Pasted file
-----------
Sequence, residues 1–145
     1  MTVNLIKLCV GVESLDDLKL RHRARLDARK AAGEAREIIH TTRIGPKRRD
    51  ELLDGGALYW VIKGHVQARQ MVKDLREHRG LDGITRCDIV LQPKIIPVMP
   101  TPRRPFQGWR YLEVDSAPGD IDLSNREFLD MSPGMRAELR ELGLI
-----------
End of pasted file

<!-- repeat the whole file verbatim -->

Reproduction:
Sequence, residues 1–145
     1  MTVNLIKLCV GVESLDDLKL RHRARLDARK AAGEAREIIH TTRIGPKRRD
    51  ELLDGGALYW VIKGHVQARQ MVKDLREHRG LDGITRCDIV LQPKIIPVMP
   101  TPRRPFQGWR YLEVDSAPGD IDLSNREFLD MSPGMRAELR ELGLI